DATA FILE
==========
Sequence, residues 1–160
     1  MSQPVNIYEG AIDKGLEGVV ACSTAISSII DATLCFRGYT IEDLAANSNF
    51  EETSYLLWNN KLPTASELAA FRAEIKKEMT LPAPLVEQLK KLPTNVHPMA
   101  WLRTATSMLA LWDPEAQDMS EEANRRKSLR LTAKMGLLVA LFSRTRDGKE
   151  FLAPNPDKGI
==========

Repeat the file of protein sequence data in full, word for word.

Sequence, residues 1–160
     1  MSQPVNIYEG AIDKGLEGVV ACSTAISSII DATLCFRGYT IEDLAANSNF
    51  EETSYLLWNN KLPTASELAA FRAEIKKEMT LPAPLVEQLK KLPTNVHPMA
   101  WLRTATSMLA LWDPEAQDMS EEANRRKSLR LTAKMGLLVA LFSRTRDGKE
   151  FLAPNPDKGI